woman wearing a hoop skirt does a pirouette Ė assume she has a circular
waist and friction is minimal Ė she will rotate within her skirt.
It wonít swing around with her.
If this analogy
applies to the Earthís field, then a fringe shift should indeed
appear in Michelsonís interferometer, but it will be much smaller
than he anticipated. It so happens that the Earthís orbital velocity
is close to 100 times greater than its rotational velocity in the
latitude of Cleveland and, for reasons that need not detain us,
that figures has to be squared. It follows that the fringe shift
that the Michelson experiment generated Ė a function of the Earthís
rotation Ė would be one ten thousandth of what he expected to see.
no way that so small an effect could be detected using 19th
century equipment. But modern interferometers and laser beams can
do so. In fact the most sensitive interferometer experiment ever
conducted, by John Hall in 1979, did detect a fringe shift of the
correct magnitude, confirming Beckmannís theory of the ether. Ironically
Hallís experiment was done at Petr Beckmannís home base, the University
of Colorado in Boulder, and while he was there. But he didnít know
about the experiment and Hall didnít know of Beckmannís theory (still
unpublished at that point).
Hall was not
expecting to see this fringe shift and he assumed the effect was
"spurious" Ė the artifact of a design error in his own
equipment. In an interview with me in 2004, Hall (who won the Nobel
Prize in Physics but not for this experiment) agreed that his 1979
experiment should be redone. But he is unable to repeat it for two
reasons. First, the rotating interferometer that he used had been
stored away in the Rocky Mountain Arsenal where the Federal government
was making nerve gas; they wonít return his machine for that reason.
Secondly, interferometer design has changed. The new ones are "fixed"
in a particular direction and use the Earthís rotation to sweep
across the heavens. What is needed is an interferometer that rotates
in the laboratory, as Michelsonís did in 1887 and Hallís did almost
a hundred years later.
theory, that the luminiferous ether is equivalent to the local gravitational
field, accounts for the observations that confirmed general relativity,
but does so far more simply. Amazingly, Einstein himself revived
Beckmannís idea about the ether in 1916. (For details see Ludwik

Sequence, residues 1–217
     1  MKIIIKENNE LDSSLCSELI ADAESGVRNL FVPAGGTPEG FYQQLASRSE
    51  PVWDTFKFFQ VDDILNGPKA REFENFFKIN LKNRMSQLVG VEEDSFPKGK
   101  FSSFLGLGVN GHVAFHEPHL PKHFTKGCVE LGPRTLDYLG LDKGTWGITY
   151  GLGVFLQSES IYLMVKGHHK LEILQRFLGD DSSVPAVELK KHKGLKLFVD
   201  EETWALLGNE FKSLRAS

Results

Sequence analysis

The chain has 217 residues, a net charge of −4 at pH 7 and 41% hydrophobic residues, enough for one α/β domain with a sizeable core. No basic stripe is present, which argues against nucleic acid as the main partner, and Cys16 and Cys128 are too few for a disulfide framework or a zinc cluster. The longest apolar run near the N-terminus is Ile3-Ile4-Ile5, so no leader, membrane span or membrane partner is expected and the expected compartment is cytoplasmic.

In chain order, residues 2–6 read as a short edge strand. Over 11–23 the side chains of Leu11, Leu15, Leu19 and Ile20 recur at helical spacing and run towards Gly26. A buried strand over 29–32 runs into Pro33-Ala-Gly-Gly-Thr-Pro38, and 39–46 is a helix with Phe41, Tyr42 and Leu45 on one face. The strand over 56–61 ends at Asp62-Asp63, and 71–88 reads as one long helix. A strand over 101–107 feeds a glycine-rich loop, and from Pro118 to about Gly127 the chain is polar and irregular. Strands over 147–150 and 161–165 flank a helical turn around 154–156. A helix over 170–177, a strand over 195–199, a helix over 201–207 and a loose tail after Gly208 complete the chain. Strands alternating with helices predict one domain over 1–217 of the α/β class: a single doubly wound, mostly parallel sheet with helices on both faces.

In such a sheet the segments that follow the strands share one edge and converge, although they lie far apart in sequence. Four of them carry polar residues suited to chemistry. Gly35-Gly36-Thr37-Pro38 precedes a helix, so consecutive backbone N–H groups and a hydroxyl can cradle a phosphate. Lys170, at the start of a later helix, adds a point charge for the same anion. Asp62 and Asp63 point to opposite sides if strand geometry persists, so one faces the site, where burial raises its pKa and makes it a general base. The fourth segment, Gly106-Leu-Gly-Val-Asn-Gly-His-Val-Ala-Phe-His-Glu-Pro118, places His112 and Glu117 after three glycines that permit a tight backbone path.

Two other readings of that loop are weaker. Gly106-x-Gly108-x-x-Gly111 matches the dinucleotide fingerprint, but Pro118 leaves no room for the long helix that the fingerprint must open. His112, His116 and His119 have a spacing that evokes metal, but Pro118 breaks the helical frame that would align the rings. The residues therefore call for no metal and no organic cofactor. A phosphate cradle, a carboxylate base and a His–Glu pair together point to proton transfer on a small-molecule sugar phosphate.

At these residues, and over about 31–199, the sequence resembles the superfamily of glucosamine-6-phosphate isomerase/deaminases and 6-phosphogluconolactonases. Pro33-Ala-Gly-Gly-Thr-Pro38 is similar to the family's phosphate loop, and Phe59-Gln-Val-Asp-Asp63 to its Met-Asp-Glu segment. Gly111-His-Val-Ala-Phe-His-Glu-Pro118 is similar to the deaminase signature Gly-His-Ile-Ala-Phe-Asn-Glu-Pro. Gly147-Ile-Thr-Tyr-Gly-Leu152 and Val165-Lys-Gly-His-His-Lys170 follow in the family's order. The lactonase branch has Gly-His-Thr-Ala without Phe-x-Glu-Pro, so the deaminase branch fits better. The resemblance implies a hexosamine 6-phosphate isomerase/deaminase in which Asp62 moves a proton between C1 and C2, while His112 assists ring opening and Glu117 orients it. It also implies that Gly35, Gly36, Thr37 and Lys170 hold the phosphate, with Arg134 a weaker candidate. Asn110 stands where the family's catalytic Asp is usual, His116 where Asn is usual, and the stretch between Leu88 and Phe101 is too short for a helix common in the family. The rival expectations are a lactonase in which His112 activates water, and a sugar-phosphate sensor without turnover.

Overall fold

and the Ether , the first book on the subject). Some
of Einsteinís allies criticized him for restoring the ether, having
abolished it a decade earlier, so it was downplayed.
theory accounts for the bending of light rays from a distant star
as they pass close by the Sun Ė the 1919 observation that made Einstein
world famous. If a medium in which a wave travels is non-uniform,
it will slew the wave front around in accordance in Fermatís Principle
Ė known since the 17th century. (Waves take the path
that minimizes the time of transmission.) We do not need Einsteinís
"curvature of four dimensional space-time," which, as
Edward Teller told me, is not an intelligible idea, no matter how
much we may pretend we do understand it.
come to the equation giving the perihelion of Mercuryís orbit. Einstein
derived it in 1915 using general relativity. But Beckmann points
out that this equation had already been published by a high school
teacher named Paul Gerber in 1898, well before relativity theory
was known. Gerber assumed that gravity propagates with a finite
speed, not instantaneously as Newton had argued. Gerberís result
was publicized by Ernst Mach in his widely read textbook Mechanics.
Einstein said that he hadnít seen Gerberís derivation, which anyway
was "wrong through and through," he said.
believes that Beckmannís theory gives the same results as Einsteinís
general relativity, but by a far simpler method. For various reasons,
Einsteinís special relativity should be discarded. It gives the
wrong results for stellar aberration, among other defects. There
is also a real question whether any experiment done on the surface
of the Earth (a "spinning ball," as John Hall told me)
fits the requirements of special relativity. On the surface of any
spinning ball, the effects of acceleration will always appear as
long as the experiment is sufficiently sensitive.
the world of orthodox physics is unwilling to reexamine Einsteinís
relativity, whether special or general. It would fall apart if subjected
to real scrutiny, I believe. But in science (and perhaps everything
else) the simple should always be preferred to the complex Ė all
else being equal. Such a revision, if it ever came to pass, would
also constitute a serious challenge to the priesthood of science.
Perhaps thatís why the relativists are hanging tough.
[send him mail] is a
senior editor of The American Spectator. His latest books
Einstein: Is Relativity Necessary? and The
Politically Incorrect Guide to Science.
© 2011 by LewRockwell.com. Permission to reprint in whole or in
part is gladly granted, provided full credit is given.